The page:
In the latest interim report, Xtep reported the total number of brand retail outlets at 6,579, up 8% from the previous period, and 36 flagship stores, from 30 previously. You must be investing heavily in your distribution network.
We don’t run [or own] our stores. It’s on a franchise model. We sell to the exclusive distributor and the distributor sells to franchisees. We have 28 distributors, which sell Xtep products in their own stores and to their franchisees.
We hold a sales fair four times a year. We show 1,000 different styles of shoes and another 1,200 types of apparel. All the distributors, all the shop owners, about 4,000 to 5,000 people, come and choose the items they want to buy. We sell to them at a discounted retail rate.
For example, this shirt is sold to the consumer for RMB100. We sell it to the distributor for RMB40. So he sells it in his flagship store for RMB100 [and makes RMB60 in gross profit]. He sells the item to his franchisees for, say, RMB50. The end customer still pays RMB100 [for gross profit of RMB50 for the franchisee].
So you don’t spend on building costs, rental, maintenance and other expenses?
We don’t spend anything on rental, we don’t spend on staff costs. To run a retail store, a lot of things can kill you. The salespeople, they stay for a few hours. They’re quite mobile . . . Just imagine if you are managing 6,000 stores and then each store has staff of three, you’re talking about 20,000 staff. It’s quite a problem.
And there’s a lot of local things you have to take care of. You can’t have all the knowledge of how Shandong people do things, those in Guangdong, Shenzhen, Sichuan. What’s their behaviour, what they like, what they dislike, how the language works. You’ve got to have the local knowledge to do that. It’s better to leave these to the distributors.
Doesn’t this arrangement make it difficult for Xtep to control quality, image, branding and so on?
It’s just like McDonalds, Starbucks. It’s the same model. We change our store designs every two years and [distributors and franchisees] follow our design. I tell you exactly how to decorate, and how to treat the customer. When you come to the sales fair, you don’t just take the item that you like. You are trained how to sell them. For example, during the summer season, I will tell you why we sell this soccer series and the design concept behind it. When your customer comes in, you don’t just persuade him to buy one piece of clothing. You tell him how to match with the pants, with the running shoes, how to look good in the total outfit.
How do you make sure the franchisees are up to the job?
For example, if Mr. ABC wants to open a store in Guangdong, what he will do is go to [our exclusive distributor] there and apply to become a franchisee. He submits a proposal and the distributor will assess his experience, how much capital he has, and more important, where he will locate the outlet. He can’t just pick and choose. It’s not his free will. The distributor has to assess everything, and then he informs our sales and marketing department for further approval.
If the application is approved after this two-level assessment, this guy will come up to us for training. We will give him a manual. If his stall is 100 square metres, he will get a manual suitable for a 100 sq m stall on the exact layout, the shelving, lighting.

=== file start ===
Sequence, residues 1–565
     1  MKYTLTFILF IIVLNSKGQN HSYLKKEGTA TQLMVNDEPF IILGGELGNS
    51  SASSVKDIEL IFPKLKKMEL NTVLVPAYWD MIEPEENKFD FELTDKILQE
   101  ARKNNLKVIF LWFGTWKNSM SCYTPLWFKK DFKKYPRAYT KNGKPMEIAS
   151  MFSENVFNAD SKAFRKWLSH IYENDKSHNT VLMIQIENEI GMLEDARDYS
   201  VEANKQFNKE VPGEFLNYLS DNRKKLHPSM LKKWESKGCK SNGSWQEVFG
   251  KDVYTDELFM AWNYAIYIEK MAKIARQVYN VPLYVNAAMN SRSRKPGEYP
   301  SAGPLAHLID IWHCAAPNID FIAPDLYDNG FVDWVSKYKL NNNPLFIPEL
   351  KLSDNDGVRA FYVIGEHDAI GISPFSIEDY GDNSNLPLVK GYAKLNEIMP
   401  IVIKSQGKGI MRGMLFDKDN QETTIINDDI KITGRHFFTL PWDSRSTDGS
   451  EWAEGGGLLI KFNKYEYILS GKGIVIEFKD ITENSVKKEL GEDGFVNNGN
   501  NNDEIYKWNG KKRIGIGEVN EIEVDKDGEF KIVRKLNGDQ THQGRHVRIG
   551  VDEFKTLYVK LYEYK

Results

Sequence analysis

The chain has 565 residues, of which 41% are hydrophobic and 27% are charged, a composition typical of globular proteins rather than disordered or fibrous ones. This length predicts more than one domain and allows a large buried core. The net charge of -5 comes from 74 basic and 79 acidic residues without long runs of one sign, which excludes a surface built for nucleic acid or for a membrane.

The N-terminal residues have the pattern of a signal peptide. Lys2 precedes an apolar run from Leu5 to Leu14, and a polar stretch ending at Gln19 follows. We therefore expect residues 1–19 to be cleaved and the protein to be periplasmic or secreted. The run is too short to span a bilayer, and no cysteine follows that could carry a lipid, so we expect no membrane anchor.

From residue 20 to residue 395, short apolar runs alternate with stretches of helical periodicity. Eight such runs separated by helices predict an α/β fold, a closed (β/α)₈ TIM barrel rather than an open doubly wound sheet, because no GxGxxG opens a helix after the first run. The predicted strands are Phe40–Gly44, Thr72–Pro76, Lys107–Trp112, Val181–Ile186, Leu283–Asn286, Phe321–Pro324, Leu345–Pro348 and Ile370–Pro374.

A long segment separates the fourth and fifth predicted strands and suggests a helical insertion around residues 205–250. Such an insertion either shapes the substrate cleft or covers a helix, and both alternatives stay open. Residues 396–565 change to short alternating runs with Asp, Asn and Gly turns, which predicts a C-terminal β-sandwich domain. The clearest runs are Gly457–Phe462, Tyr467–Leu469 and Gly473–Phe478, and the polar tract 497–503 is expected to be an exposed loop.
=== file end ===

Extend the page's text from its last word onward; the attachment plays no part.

At the sales fairs, you come to be trained and you come to learn about all the new collection, how to sell to your customer and why we are selling these clothes. You’ve got to train about the background, the theory, what we are selling, what is our concept, what is our culture.
How does Xtep make sure distributors and franchisees are implementing all these things?
We have what we call ‘invisible customers.’ They are out there everywhere. They pretend to be customers, to see if the store is dirty, for example, and then you get [bad] marks for that.
What’s the mortality rate for the franchisees that you have?
You try to improve and educate them. You don’t straight away kick them out. You tell them what they had done wrong and then hopefully they’ll improve.
How did this distribution model come about? Was there a period of trial and error before Xtep perfected it?
The business model, if you compare it to all the big brands like Adidas and Li Ning, it’s always worked this way. In sportswear, the core and central focus is how to promote your brand and to have good products. Adidas, they don’t own their own stores. Just one or two shops in New York, for example, that [function as] a showroom. Other than that, it’s always franchise model.
You own the Disney franchise for sportswear in China. How is that coming along?
We have signed three contracts. The first contract is for Mainland China. The second contract is for Hong Kong, Macau and Taiwan. The third is for Middle East and Southeast Asia. Disney grants licenses by geographical area. It’s for sportswear called Disney Sports. We created this brand. We do the design, we make the sportswear and then sell it through the distributor and franchisees. We pay Disney for the rights in the form of royalty.  
We signed the contracts in 2006 but it takes time to build up a team. The products only came up in 2008. It’s only been for two years, so right now Disney Sports is very small [at 6.8% of sales]. I think we can make a very good progress, especially in 2014, when there’s going to be a first ever Chinese Disneyland park in Shanghai.
Is the Disney Sports brand sold in Xtep stores as well?
No, it’s different. The distributors and franchises are different. Even for the design, it’s separate. You cannot have the same group or even the same people designing for Xtep and designing for Disney. They’re two completely different concepts. Disney Sports is for teens, 13 to 18. Xtep is for more mature age groups, 20 to 30 years old. The [proportion of] male and female buyers is quite balanced. There are more females buying Disney goods; it’s over 60% for apparel.
Disney is very careful about their image. They look at everything. The three stores we opened here in Hong Kong, they come to inspect again and again. The shelving, they even need to polish it, everything must be shiny, the curve of the Mickey Mouse ears must be just right.
What is the goal here? Are you looking at Disney Sports accounting for 50% of total revenues?
It won’t be that much. The core business is definitely Xtep, which is already No. 3 or No. 4 in China [in a market dominated by Nike and Adidas and local brands Li Ning and Anta]. One day we will be No. 1 . . . Anything is possible. There’s no reason why a Chinese brand cannot overcome Nike.